Every so often, usually in a discussion of sex education or sexual health services for teenagers, I hear someone come out with something like "Abstinence isn't always feasible" or "we need to be realistic: not everyone can control their underwear". Obviously, the fact that some teenagers will be involved in sexual acts which they have no control over is trivially true because some teenagers get raped, but I don't think that that is what people are referring to when they say these things. Usually these kinds of views are expressed by Good American Liberals as part of an explanation of why abstinence only education doesn't work. I wonder where this idea comes from. I've never felt that I didn't have control over my sexual behaviour. Maybe in retrospect I'll think "Knowing what I know now that wasn't the best thing to do", but I think I've always done what I felt was the best thing to do in the situation at the time. I guess it comes from a hideous compromise. We know that most teenagers have sex, even if you hand out tacky jewellery in return for them promising not to. However, in the popular consciousness teenage sex is still viewed as a Problem. So people say "Obviously I don't approve of teenagers having sex but it's going to happen no matter what we do we better give them condoms." These conversations seem to treat teenage sex like a unpreventable natural disaster.

I think that there are three things which people don't want to acknowledge when they claim that teenagers can't control their sexual behaviour.

1) Some teenagers engage in sexual acts because they enjoy them and the benefits of them outweigh the risks of them in their judgement. Sometimes it's easier all around to frame teenagers as helpless victims of their libidos than people who just don't want to do what you want them to do. I think people also like avoiding this idea because if teenagers are in some way rational rather than automatons driven entirely by lust, then you'd have to admit that, yes, providing access to contraceptives may tip the balance for some teenagers from not having sex into having sex or from engaging only in less risky sexual acts into coitus. That behavioural switch is going to be hugely outweighed by the decrease in sexual infections and unplanned pregnancies, but if you care more about whether teens have sex than the consequences, it does make sense to keep them away from condoms.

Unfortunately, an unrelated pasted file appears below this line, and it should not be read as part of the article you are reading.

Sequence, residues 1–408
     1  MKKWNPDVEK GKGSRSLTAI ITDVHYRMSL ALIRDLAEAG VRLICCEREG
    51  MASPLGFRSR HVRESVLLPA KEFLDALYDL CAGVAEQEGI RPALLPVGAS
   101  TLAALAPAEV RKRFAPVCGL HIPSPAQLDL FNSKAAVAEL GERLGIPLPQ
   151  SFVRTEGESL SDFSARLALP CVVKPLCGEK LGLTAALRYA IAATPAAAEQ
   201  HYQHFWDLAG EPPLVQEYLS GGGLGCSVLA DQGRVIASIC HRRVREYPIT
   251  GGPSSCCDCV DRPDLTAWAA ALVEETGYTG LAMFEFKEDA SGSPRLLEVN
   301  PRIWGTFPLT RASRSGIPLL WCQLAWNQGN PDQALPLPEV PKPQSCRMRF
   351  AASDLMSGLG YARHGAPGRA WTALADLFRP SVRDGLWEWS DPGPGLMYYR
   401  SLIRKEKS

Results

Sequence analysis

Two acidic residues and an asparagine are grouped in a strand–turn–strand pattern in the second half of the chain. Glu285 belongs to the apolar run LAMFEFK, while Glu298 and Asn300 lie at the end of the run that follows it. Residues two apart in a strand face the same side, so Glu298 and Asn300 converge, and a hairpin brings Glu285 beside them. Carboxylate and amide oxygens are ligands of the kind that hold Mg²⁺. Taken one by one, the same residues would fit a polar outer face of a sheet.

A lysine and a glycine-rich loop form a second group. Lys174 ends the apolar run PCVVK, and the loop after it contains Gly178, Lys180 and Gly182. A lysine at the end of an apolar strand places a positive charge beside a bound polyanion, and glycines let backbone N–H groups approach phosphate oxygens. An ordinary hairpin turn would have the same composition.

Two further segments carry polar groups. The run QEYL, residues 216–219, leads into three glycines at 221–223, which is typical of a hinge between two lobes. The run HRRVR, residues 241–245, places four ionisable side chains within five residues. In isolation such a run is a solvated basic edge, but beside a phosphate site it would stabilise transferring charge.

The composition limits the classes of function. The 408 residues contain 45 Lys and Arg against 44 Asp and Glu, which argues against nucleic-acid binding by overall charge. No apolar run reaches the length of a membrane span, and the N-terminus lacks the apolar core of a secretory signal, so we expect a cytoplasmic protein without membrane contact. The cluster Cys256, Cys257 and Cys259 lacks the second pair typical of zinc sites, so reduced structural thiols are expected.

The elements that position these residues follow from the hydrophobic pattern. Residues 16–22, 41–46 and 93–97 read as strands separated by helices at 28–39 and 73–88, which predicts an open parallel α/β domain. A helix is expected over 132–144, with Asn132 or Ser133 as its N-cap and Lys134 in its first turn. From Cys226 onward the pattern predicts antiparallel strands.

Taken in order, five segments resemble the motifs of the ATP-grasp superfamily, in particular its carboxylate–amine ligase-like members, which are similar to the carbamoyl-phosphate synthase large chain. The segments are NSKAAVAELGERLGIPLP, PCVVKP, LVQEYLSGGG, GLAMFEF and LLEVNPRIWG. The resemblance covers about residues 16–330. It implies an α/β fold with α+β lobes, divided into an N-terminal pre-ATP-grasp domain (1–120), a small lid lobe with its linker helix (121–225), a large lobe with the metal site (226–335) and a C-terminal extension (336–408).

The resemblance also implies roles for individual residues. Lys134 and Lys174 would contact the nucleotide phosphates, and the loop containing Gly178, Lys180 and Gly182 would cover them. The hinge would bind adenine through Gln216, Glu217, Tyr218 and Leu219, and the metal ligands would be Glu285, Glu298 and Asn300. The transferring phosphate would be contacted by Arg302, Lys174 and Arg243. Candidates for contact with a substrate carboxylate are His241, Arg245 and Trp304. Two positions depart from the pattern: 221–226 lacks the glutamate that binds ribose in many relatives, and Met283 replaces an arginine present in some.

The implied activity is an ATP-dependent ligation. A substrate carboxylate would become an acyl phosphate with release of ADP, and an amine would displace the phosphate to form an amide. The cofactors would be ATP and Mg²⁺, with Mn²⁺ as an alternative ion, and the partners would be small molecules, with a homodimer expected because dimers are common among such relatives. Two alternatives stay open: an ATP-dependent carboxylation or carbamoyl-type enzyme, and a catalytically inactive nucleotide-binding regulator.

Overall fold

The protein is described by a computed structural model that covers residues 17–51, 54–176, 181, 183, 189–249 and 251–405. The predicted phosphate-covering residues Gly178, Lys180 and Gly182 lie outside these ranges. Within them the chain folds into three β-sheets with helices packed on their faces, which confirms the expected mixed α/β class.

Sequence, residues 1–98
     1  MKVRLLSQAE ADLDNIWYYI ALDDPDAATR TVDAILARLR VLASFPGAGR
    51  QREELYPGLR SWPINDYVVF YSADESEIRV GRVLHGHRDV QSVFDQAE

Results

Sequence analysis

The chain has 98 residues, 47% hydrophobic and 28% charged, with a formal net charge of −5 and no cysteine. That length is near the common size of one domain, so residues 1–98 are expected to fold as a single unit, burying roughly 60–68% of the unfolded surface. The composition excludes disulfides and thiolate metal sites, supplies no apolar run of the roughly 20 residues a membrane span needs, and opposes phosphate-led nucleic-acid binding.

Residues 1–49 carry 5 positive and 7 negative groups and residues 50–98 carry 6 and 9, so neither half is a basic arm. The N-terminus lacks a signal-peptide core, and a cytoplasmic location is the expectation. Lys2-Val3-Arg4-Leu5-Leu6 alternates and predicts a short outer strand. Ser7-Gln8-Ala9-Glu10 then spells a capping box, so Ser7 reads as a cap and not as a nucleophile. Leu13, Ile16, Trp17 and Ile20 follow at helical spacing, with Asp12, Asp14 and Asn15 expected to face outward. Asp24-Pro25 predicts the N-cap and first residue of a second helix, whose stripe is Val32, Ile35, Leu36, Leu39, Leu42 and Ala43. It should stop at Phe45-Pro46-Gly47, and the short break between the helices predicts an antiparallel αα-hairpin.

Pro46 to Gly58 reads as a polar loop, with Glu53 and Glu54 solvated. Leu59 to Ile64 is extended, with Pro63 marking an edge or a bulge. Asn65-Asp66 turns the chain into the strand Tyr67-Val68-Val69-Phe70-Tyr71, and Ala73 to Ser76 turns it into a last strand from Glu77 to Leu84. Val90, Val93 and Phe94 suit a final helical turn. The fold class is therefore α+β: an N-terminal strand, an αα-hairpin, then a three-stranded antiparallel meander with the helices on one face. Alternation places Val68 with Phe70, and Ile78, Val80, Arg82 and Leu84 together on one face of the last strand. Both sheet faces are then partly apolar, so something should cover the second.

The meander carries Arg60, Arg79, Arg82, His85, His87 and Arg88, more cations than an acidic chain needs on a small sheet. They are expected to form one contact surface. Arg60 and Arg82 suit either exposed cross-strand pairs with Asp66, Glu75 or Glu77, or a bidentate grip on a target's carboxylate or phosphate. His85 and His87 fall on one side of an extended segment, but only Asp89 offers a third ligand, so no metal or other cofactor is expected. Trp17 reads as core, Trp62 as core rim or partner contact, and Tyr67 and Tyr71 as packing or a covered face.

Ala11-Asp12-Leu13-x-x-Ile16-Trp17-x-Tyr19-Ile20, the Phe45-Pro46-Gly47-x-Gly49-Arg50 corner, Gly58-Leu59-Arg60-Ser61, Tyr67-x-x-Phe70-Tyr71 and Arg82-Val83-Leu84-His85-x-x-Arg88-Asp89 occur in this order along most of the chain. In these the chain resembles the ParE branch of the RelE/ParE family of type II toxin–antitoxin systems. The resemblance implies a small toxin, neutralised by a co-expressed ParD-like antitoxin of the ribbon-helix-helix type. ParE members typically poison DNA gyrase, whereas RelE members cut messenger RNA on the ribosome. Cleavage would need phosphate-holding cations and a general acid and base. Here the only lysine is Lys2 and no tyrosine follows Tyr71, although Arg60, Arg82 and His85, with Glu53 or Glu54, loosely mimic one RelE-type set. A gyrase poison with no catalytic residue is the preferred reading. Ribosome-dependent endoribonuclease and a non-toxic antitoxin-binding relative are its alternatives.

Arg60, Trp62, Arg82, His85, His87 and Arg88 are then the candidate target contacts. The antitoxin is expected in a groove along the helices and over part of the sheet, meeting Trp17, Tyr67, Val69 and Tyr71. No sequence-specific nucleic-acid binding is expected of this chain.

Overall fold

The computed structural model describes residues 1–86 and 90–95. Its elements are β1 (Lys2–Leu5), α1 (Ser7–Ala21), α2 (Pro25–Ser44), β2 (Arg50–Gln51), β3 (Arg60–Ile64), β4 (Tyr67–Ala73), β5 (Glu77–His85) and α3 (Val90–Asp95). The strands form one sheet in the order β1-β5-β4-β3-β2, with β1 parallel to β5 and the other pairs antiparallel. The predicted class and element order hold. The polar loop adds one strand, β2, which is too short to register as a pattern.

2) Some teenagers are engaging in unfulfilling and/or unwise sexual behaviour because they live in a culture which tells them that to be happy/successful/of any value as a human being you have to be rubbing your genitals against someone else's. However, I'm not holding my breath for the day that people realise that if you don't want teens to fuck each other, maybe not raising them diet of films in which the female characters' happy ending is to be sexy and submissive enough to get a man's attention would be more effective than not letting them buy the morning after pill.

3) Some teenagers are raped. Often by other teens. In fact, several studies have found that abuse, including sexual abuse, is more common in teenage relationships than in older age groups.

Point 3 brings me around to why I really hate people claiming that teenagers have no control of their sexual behaviour: it contributes to rape culture. If you spread the idea that people can't control their sexual behaviour, it promotes the idea that maybe it wasn't the perpetrator's fault that he raped someone. And if it wasn't his fault maybe it was his victim's because she excited his uncontrollable lusts. Our society is already more than willing to find any excuse to excuse poor ickle rapists and blame their victims. Let's not add to it. Teenagers have sex because they want to or because they are coerced or forced by someone else who wants to. They don't trip and end up with their genitals inside each other.